We based ourselves in Fethiye to explore the surrounding area as there was a lot to see and do. The main area we wanted to visit was Ölüdeniz’s blue lagoon which I found out we could actually hike to via the ghost town of Kayaköy. We began by walking up some steep roads behind Fethiye town and suddenly it felt like we were in rural Turkey. The scene changed so quickly and old ladies with long skirts and bandanas were plucking vegetables from their rustic gardens while chickens and cockerels rustled in the autumn leaves. After a couple of kilometres we reached the road leading to Kayaköy where we planned to hitchhike from and it was easier than expected as the first car pulled over. Kayaköy was inhabited by Greeks up until the 1920s when an exchange was agreed after the Turkish War Of Independence that Greek Muslims would come to Turkey and Ottoman Christians move to Greece. So suddenly this village of 4000 stone homes was left abandoned, taken over by shrubs and crumbled by earthquakes.
We headed up some steep trails and were amongst all the stone ruins where fireplaces were the only features remaining. The houses climbed up the verdant hillsides and narrow lanes led through the ghostly neighbourhood. It was an interesting place to walk around, but a shame there wasn’t more to the buildings, not a single piece of furniture was left behind.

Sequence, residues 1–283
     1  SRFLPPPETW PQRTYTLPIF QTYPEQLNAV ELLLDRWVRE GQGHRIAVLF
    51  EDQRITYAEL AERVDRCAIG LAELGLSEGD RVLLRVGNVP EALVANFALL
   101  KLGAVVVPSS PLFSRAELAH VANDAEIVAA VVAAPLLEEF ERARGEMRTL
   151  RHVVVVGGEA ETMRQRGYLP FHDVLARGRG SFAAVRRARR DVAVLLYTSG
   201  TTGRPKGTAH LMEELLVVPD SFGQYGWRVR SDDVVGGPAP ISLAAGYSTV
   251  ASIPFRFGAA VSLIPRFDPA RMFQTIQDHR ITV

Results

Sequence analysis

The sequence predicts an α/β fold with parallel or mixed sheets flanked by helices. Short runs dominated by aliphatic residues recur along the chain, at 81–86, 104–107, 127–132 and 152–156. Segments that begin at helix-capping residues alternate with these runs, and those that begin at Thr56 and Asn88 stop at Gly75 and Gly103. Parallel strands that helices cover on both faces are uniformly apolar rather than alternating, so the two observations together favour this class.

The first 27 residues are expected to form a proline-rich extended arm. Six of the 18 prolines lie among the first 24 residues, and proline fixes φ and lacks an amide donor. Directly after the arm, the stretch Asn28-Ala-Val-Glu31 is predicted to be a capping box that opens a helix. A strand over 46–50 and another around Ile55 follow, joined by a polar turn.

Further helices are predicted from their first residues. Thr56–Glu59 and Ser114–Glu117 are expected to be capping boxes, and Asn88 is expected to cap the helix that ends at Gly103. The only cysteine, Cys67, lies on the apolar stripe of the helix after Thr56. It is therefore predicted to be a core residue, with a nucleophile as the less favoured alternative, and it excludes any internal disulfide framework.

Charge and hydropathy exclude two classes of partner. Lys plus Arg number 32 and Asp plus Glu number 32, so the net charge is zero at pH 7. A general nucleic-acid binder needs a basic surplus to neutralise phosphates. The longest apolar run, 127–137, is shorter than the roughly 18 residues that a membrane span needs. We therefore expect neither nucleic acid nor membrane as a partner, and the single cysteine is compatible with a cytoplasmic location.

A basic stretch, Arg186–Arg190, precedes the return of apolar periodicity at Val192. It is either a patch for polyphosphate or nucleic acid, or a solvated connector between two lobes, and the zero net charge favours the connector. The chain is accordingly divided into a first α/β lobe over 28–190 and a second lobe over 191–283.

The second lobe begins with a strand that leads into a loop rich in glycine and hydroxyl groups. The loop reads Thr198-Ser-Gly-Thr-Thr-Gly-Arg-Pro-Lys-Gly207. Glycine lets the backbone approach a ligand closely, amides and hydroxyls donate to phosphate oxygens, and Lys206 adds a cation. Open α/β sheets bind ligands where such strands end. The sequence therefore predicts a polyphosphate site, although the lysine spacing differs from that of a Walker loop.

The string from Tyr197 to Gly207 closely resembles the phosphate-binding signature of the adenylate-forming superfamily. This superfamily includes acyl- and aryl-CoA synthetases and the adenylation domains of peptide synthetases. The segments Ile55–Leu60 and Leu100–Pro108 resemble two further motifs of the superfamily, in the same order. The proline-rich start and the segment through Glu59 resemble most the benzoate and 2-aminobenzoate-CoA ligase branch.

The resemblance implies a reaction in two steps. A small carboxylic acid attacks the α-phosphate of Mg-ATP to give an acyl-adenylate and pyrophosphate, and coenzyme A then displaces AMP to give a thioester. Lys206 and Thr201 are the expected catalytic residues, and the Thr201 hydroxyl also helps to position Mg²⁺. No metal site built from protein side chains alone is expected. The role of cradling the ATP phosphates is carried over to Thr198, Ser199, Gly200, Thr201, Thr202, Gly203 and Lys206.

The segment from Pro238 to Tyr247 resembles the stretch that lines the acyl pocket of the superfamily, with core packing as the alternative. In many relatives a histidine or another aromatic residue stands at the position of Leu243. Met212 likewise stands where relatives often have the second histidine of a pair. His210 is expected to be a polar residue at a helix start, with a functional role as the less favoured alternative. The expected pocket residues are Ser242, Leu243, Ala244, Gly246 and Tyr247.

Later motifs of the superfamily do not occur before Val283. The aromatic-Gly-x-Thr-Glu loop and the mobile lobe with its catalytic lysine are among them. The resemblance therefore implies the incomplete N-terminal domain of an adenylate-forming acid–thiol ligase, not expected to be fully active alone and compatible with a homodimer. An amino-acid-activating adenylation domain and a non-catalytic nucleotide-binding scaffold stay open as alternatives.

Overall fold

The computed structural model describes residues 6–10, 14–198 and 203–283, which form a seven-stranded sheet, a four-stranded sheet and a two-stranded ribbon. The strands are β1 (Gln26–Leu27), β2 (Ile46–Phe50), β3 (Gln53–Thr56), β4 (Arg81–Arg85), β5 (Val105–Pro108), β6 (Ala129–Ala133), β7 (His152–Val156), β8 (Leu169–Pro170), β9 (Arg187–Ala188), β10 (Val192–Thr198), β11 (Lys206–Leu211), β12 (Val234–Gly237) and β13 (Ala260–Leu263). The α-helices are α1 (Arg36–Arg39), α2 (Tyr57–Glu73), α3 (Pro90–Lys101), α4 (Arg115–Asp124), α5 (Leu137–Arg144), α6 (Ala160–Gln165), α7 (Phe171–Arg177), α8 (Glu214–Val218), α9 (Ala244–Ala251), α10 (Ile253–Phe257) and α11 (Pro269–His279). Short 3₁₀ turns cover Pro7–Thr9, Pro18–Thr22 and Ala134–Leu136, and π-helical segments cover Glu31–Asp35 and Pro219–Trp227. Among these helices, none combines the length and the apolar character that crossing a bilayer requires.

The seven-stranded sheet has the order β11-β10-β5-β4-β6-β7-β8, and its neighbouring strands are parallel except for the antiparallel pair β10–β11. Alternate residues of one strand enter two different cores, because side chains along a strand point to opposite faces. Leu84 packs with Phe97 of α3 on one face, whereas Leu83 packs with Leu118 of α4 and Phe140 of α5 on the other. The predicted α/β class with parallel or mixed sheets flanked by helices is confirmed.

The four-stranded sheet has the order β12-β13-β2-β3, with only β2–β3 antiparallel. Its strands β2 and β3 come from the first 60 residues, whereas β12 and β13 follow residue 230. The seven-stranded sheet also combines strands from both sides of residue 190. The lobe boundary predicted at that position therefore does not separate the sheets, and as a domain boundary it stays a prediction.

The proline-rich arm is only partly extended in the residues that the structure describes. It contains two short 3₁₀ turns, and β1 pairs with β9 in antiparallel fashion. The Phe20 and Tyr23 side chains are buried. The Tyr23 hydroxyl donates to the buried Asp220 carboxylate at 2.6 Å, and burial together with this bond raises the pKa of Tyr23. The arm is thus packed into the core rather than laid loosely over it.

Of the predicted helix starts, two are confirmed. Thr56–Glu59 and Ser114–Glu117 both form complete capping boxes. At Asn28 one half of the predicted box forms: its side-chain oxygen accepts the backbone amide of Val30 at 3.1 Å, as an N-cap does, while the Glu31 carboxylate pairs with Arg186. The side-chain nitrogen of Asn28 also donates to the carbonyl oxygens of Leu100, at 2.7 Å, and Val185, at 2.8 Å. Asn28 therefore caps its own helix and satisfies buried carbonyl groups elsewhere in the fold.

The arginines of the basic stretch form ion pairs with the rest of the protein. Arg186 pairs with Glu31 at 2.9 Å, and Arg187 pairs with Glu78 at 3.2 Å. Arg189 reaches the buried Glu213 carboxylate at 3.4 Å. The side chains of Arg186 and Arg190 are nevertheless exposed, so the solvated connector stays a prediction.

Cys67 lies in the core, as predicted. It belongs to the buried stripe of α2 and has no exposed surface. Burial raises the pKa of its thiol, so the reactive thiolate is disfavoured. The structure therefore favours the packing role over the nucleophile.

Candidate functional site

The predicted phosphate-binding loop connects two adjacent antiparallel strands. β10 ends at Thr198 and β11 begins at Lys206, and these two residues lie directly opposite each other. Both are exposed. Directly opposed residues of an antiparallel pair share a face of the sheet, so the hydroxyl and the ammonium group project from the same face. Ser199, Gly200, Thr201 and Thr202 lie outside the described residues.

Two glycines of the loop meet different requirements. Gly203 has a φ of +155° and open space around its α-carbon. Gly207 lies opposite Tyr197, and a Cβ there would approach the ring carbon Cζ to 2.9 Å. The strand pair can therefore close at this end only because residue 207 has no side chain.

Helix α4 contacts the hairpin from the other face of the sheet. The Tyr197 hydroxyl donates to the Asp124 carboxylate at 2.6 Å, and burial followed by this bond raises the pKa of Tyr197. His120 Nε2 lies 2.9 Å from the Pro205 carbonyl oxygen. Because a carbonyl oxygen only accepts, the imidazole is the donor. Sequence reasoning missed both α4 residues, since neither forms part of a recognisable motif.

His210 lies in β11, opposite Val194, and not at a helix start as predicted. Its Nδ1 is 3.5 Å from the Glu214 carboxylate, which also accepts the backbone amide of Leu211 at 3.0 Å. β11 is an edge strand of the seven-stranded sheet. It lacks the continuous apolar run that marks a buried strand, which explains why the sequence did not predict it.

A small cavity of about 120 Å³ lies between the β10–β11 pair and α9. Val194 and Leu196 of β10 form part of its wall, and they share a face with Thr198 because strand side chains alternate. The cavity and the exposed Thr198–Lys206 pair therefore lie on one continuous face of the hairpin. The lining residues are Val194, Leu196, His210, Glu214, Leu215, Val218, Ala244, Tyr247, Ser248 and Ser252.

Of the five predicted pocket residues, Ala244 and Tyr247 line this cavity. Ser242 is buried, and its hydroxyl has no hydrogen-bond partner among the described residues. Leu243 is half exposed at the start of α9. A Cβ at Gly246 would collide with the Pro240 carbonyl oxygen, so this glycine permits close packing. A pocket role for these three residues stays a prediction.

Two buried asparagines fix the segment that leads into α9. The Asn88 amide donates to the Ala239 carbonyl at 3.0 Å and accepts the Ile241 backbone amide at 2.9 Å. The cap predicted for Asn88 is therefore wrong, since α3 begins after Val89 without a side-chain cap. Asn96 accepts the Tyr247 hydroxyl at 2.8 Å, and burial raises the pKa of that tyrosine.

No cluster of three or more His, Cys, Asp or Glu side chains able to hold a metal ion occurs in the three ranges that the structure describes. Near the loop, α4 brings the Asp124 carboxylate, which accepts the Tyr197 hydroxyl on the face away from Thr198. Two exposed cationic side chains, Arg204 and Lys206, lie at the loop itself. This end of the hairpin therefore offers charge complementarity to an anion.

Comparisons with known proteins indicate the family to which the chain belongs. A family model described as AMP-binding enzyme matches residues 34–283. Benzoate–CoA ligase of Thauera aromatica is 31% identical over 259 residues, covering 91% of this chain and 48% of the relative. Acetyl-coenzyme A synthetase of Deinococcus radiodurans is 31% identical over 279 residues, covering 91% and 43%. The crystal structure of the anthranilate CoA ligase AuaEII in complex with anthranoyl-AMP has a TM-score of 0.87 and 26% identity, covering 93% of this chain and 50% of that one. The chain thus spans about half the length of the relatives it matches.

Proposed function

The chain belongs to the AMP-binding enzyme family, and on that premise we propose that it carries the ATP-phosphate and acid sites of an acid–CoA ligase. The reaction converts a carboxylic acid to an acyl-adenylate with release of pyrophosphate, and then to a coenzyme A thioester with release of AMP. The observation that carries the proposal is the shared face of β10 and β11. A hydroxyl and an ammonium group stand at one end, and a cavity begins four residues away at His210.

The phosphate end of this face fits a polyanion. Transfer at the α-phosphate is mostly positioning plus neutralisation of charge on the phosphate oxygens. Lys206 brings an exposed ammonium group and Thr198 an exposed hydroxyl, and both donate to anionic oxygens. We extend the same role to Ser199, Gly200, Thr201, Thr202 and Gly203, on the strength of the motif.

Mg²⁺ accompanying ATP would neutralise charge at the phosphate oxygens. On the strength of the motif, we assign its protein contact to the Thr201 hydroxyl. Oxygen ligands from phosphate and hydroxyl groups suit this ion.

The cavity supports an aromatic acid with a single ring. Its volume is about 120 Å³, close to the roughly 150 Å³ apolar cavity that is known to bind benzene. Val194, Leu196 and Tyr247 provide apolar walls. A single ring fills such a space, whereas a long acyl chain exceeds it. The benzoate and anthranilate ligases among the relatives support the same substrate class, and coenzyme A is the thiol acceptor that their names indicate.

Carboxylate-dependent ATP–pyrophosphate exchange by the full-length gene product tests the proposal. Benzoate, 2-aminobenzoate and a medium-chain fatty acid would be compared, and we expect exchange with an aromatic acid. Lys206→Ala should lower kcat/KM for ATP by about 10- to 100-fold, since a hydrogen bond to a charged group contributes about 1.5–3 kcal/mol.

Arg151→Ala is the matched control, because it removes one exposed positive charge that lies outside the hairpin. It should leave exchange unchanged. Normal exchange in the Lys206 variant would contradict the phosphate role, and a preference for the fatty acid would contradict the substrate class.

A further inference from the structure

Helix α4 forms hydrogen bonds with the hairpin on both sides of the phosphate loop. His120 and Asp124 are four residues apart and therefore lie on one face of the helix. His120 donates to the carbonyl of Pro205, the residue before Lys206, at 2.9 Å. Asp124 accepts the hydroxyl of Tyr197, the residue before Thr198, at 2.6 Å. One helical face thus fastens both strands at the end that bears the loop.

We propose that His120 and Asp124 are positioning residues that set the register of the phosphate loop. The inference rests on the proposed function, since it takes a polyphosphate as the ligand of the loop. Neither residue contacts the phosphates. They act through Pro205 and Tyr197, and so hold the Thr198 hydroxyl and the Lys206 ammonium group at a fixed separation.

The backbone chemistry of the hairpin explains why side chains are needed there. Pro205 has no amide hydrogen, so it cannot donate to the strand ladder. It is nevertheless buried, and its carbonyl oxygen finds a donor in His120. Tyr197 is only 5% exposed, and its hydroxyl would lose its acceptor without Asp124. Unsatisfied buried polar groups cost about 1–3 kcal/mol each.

Once we got our fix of history we continued on a trail through the woods. It wasn’t the easiest route to follow and we were the only people hiking the route. We were treated to views of beautiful azul bays with tiny private beaches that we considered hiking down to and scraping our plans of visiting Ölüdeniz beach, but we persevered. At one point we realised we’d walked past a viewpoint so we followed a faint trail and then I had the most excruciating pain hit me in my ear and I fell to the ground. I looked up and there was a snapped branch poking out a tree at head height, with a tip as sharp as a blade. It had stabbed me right in my ear and cut into my cartilage. Thankfully it didn’t go near my eardrum but when I asked Craig to take a photo as I wanted to see if it was bleeding I saw blood dripping down my ear. It was quite a nasty stab but other than the pain and blood I was fine to continue on the hike down to the beach. Our legs were pretty scratched up from the bushy trail and when I complained about my ear throbbing Craig actually had the cheek to point to a minuscule scratch on his leg and say “yeah we’ve both been in the wars today”. Obviously I didn’t think his scratch was remotely comparable to a ear dripping with blood and I made sure he knew it!